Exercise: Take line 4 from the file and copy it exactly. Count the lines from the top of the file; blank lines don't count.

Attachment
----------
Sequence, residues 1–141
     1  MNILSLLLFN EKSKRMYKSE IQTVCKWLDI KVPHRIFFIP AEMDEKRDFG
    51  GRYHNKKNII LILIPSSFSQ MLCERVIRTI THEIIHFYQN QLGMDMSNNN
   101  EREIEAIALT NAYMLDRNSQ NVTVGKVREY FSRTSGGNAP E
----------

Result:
   101  EREIEAIALT NAYMLDRNSQ NVTVGKVREY FSRTSGGNAP E